PSM: It's not about the complication; it's not about any particular piece. I have certain favorites but it's more about actually having the freedom to develop an idea. I did that for many years for other companies but then you're told what to do by somebody else, and you have to do it within those constraints, which are given to you. What I love about my life and the freedom that I have today is that whether it's a simple idea--whether it's the Spirit or the Renaissance--to take an idea and realize it is like living a dream. It can be something super complex or extremely simple and it's just that freedom to be able to execute one or the other that I really love. I love tourbillons but it's become almost a little bit clichéd today.
YZ: That was my next question: what is a tourbillon?
PSM: One of the things that you have to remember about all the high-end watchmaking today is that in a sense none of it is necessary. But it is a necessity for human beings to have quality in their lives. If people didn't have a certain desire for luxury--and luxury is not necessarily having a Ferrari or Lamborghini--but it's having anything that you don't necessarily need from a survival point of view, but that brings quality to your life. It's why we don't live in the same house, eat the same bread, eat the same pasta. You don't have a bare wall; you put something on there. These are not things that you have to have from a need point of view, but from a human point of view, because it gives you culture and enrichment. Do we need music to survive? In a sense no, but we do because we're human and it gives us pleasure and it brings us soul.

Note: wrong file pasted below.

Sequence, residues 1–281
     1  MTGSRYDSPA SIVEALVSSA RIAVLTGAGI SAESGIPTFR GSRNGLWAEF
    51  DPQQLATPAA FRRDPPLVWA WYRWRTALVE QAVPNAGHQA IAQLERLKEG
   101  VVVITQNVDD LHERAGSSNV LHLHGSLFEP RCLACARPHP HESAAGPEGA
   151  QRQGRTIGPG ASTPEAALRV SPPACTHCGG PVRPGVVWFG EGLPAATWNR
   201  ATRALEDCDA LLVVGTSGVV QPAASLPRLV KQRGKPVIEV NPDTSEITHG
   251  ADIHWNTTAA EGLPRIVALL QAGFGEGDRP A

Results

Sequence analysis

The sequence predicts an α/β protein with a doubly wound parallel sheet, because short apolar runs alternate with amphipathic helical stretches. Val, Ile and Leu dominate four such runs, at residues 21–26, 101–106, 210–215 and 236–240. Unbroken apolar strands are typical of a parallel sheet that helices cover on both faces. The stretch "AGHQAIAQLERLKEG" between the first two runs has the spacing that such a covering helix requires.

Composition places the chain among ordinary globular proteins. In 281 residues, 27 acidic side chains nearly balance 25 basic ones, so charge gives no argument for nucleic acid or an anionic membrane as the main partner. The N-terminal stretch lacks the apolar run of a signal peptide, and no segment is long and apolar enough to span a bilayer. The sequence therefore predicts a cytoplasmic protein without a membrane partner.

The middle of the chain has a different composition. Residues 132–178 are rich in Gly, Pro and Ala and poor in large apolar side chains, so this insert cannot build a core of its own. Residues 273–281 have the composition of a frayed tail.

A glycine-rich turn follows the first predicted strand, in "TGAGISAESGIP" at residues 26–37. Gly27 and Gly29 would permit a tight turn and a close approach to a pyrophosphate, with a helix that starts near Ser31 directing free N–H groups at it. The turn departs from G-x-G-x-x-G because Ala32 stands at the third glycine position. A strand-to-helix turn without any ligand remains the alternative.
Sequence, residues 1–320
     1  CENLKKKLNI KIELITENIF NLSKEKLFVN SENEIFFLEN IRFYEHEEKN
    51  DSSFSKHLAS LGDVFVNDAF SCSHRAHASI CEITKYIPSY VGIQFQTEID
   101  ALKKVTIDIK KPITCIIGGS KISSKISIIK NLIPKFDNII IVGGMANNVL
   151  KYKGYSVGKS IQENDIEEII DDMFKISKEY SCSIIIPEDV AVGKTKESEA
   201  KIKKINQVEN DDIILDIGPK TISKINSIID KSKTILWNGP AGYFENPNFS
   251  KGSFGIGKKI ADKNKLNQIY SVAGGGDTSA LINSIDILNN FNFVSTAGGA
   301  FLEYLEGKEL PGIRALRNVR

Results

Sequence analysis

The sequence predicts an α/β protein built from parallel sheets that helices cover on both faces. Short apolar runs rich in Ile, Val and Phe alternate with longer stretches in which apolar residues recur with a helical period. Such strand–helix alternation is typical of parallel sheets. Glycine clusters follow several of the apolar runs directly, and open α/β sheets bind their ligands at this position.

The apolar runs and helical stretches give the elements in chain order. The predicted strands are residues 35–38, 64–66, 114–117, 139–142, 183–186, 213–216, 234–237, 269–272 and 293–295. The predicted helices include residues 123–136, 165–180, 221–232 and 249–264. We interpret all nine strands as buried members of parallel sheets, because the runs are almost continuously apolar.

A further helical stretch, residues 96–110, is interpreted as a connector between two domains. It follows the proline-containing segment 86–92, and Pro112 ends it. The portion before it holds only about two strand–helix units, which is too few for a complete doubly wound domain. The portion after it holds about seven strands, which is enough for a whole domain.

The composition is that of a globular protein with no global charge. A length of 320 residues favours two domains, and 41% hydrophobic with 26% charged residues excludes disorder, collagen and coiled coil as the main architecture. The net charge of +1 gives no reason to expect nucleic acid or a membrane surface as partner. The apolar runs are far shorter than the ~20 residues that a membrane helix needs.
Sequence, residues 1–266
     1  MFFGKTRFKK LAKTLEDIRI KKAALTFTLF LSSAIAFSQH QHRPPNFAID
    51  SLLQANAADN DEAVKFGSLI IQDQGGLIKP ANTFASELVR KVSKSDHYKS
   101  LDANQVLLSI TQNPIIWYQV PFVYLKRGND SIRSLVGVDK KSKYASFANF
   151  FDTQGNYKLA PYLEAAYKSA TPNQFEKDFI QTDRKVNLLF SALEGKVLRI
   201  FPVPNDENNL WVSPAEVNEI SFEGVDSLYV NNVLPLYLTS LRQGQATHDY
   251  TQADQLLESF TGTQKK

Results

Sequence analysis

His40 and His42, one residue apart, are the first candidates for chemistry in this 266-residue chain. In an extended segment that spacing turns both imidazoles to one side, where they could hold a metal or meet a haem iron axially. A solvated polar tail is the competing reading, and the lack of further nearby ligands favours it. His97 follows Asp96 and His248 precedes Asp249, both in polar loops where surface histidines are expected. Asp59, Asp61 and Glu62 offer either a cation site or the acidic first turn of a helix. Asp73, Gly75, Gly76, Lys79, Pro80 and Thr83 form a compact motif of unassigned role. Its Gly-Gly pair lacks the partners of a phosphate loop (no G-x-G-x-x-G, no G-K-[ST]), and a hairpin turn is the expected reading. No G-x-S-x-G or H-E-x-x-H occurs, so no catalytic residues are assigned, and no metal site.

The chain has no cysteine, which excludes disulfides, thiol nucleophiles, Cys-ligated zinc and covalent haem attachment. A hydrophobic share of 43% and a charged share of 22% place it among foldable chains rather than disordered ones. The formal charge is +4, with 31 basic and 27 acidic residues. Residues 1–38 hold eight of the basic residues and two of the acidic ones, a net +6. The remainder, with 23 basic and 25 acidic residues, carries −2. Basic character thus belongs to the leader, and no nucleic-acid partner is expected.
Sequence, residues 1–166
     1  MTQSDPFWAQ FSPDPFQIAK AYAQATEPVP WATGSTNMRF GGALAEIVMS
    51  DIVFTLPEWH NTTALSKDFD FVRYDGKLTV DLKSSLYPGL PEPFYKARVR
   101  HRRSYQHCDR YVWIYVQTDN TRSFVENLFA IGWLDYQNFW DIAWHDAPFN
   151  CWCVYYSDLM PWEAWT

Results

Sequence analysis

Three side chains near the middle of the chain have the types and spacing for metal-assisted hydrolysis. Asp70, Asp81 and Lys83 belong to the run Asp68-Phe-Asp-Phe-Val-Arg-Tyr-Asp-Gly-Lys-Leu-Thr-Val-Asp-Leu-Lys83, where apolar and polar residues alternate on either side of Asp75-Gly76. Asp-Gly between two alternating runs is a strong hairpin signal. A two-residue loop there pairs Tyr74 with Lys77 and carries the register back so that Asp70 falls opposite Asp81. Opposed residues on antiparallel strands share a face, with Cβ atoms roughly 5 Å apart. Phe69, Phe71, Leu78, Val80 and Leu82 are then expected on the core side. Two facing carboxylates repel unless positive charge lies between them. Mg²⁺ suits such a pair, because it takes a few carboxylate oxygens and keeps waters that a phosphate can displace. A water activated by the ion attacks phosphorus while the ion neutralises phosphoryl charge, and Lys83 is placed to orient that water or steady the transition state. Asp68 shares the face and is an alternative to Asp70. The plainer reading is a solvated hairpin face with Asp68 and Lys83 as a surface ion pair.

With modern horology, I perceive it the way many people perceive music or art: it's that which brings a certain quality to our lives. When you have a beautifully executed tourbillon or a repeater or any type of timepiece, where there is a certain animation behind it, and you look at it, and there is fascination; there is soul. When you have something that you know somebody has actually put their heart, their soul and their time into, it's part of them. In a way there's a feeling and soul that you get from it that you don't get from a product which is produced in hundreds of thousands or tens of thousands, which isn't constructed by a computer or by CNC machinery and all the automation that follows. It's another level of quality. It is a culture. I love tourbillons when they're well executed because the balance inside a watch is like a heart pumping. You add the animation of a tourbillon, which puts the balance in the scheme inside of a cage and makes the whole thing rotate. It was designed by Breguet around 1811 and the idea then was to balance out errors in time-keeping because of a thing called positional error, which is caused by gravity. Do we need it today? Quite frankly, of course we don't. Everybody's telephone is more accurate than every mechanical watch made, but the beauty in some of these timepieces is phenomenal. In a tourbillon in particular, you have this momentum, this movement, this action; it's something that I find from a poise point of view to be fascinating.
You can look at a Qwartz watch, it can tell the time, it can be very pretty, it can be designer, but it has no soul. When you look at the beating heart of a watch, it moves around, and you know that time has been consecrated in making this timepiece. That's what makes us human and differentiates us from animals and robots.
YZ: That's beautiful. I love that. What were some of the challenges that you faced making your first pocket watch?